I’ll say it again: what Firefox has is a user base, not a future. It’s not unlike Microsoft right now — their success is based on momentum, not new converts. (If Microsoft and Apple were to emerge from the womb today, who would win?)
Firefox’s user base does not have a lot of new growth ahead of it, unless Mozilla does something radical. The reason is that FF’s differentiators are falling by the wayside.
The biggest threat is Chrome. It’s not that Chrome is going to have dramatic market share numbers. But they are the first viable competition that FF has ever had in the “non-bundled browser” space. A market going from “one” to “two” is a big change. So Chrome will capture a lot of growth (and techie mindshare) at FF’s expense.
FF’s second differentiator is that it is seamlessly cross-platform. With Google’s announcement of Chrome for Mac and Linux, this bit of difference is going away. (The stuff is still beta but I expect rapid development.)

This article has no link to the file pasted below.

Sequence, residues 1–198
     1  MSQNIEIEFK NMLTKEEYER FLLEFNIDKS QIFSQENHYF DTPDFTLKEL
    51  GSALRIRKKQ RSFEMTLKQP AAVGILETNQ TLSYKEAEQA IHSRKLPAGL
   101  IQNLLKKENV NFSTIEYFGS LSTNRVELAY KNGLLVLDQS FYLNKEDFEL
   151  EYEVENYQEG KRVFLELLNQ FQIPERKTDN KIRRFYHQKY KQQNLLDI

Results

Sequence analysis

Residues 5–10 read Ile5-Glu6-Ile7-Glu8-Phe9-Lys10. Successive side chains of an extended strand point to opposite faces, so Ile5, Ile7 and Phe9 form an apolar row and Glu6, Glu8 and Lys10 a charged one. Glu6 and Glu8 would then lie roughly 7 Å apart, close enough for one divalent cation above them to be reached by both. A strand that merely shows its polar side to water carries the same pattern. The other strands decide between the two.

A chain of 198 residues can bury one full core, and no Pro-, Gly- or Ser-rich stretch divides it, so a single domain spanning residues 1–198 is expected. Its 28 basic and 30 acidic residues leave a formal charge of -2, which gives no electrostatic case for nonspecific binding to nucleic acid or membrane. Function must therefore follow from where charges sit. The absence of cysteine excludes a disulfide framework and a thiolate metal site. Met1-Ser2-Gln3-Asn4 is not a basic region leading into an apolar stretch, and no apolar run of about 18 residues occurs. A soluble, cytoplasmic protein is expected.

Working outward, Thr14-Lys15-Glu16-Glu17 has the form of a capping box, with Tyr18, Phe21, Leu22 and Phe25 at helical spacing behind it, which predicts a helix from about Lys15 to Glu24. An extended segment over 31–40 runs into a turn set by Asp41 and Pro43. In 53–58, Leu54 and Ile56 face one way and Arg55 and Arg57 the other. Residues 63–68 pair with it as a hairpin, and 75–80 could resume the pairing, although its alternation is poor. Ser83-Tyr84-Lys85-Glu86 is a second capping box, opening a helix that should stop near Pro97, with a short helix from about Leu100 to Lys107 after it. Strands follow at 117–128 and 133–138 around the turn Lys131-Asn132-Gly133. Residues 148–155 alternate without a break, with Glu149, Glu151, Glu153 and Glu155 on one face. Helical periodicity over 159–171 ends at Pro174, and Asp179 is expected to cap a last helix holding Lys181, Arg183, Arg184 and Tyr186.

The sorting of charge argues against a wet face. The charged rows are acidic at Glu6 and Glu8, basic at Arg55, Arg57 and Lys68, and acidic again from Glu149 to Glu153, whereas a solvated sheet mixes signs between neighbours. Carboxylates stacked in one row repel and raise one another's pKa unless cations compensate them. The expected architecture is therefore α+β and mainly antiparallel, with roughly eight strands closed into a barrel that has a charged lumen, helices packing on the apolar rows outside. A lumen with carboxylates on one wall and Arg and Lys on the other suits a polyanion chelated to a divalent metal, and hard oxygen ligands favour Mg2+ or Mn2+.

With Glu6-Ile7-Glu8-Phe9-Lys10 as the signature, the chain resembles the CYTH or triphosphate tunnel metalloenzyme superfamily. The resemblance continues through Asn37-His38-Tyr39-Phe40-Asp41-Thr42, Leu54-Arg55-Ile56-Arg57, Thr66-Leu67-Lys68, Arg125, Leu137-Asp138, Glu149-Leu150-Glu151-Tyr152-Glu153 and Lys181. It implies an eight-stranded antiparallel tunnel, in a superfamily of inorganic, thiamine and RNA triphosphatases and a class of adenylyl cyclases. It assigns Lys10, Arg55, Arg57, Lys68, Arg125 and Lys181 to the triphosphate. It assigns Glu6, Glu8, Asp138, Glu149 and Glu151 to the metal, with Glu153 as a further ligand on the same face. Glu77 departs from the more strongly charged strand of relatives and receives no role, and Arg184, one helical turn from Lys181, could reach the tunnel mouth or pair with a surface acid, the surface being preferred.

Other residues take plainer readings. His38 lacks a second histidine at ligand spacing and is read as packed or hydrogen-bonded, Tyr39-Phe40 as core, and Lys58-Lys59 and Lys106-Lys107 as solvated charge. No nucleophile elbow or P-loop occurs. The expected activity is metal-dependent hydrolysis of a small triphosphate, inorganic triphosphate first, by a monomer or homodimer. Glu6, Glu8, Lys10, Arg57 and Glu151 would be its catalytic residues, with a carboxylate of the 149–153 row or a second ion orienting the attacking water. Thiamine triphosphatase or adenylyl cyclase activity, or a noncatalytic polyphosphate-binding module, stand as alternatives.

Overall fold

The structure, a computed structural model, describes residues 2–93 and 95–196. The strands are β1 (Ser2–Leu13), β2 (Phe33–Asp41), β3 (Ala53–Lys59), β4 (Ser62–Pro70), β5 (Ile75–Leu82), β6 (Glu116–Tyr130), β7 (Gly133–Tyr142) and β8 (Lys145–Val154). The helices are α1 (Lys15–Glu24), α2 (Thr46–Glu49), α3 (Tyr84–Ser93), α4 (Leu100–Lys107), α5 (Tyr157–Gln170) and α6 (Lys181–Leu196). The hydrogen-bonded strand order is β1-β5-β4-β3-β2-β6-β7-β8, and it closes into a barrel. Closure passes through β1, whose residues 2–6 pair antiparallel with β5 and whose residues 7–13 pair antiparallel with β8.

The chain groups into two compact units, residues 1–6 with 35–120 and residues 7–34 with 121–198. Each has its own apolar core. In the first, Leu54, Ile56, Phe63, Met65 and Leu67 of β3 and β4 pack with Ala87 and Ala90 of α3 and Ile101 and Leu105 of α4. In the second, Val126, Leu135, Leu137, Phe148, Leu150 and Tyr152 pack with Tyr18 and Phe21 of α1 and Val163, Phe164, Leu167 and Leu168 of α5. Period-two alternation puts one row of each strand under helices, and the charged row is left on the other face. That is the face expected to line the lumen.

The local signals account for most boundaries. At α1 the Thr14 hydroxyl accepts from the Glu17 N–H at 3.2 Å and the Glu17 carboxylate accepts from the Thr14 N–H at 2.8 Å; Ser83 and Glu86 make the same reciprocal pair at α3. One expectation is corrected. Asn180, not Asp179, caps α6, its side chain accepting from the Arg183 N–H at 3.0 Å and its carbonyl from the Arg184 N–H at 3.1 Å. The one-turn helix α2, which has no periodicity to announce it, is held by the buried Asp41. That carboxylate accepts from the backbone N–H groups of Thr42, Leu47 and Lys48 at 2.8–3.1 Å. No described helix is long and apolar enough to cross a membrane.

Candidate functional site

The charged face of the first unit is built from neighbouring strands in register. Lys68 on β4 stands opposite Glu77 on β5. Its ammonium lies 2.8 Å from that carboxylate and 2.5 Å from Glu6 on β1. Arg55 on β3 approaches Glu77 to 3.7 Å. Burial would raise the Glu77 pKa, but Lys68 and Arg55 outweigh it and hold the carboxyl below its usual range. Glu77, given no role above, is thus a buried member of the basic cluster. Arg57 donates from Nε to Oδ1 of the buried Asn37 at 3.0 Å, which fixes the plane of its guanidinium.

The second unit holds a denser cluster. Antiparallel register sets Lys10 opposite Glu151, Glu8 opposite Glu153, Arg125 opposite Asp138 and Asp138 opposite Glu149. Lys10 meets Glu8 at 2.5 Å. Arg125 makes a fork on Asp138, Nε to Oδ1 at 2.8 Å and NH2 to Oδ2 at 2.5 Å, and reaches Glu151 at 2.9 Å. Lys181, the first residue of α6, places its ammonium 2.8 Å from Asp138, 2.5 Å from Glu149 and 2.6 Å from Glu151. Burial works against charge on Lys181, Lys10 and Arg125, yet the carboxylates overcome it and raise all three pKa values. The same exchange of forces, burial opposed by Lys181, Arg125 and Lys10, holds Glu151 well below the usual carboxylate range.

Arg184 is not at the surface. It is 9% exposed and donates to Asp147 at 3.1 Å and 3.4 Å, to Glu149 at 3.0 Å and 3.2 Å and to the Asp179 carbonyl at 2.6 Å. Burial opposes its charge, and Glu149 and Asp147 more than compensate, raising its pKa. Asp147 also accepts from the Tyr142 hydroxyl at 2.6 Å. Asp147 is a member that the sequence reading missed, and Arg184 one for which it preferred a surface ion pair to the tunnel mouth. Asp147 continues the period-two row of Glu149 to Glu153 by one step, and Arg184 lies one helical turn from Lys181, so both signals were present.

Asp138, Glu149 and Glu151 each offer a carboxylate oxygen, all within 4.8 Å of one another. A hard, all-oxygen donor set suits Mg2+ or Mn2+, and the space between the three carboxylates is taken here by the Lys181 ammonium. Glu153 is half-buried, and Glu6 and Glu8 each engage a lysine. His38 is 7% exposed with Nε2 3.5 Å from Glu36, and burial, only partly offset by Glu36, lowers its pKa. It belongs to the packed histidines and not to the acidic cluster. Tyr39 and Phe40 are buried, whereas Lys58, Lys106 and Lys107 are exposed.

Third, as linked above, are extensions. End-users care about these, and until now only FF had a viable ecosystem. I would even argue that FF’s add-ons served something of a “lock-in” function among certain consumers: they might not care about the browser per se, but they love their little weather widget or iTunes controller.
Fourth, Windows 7. It’s not that people love IE. But IE 8 doesn’t suck, and IE 9 will not-suck more. So for the majority of consumers who care about “good enough”, IE is increasingly good-enough-er.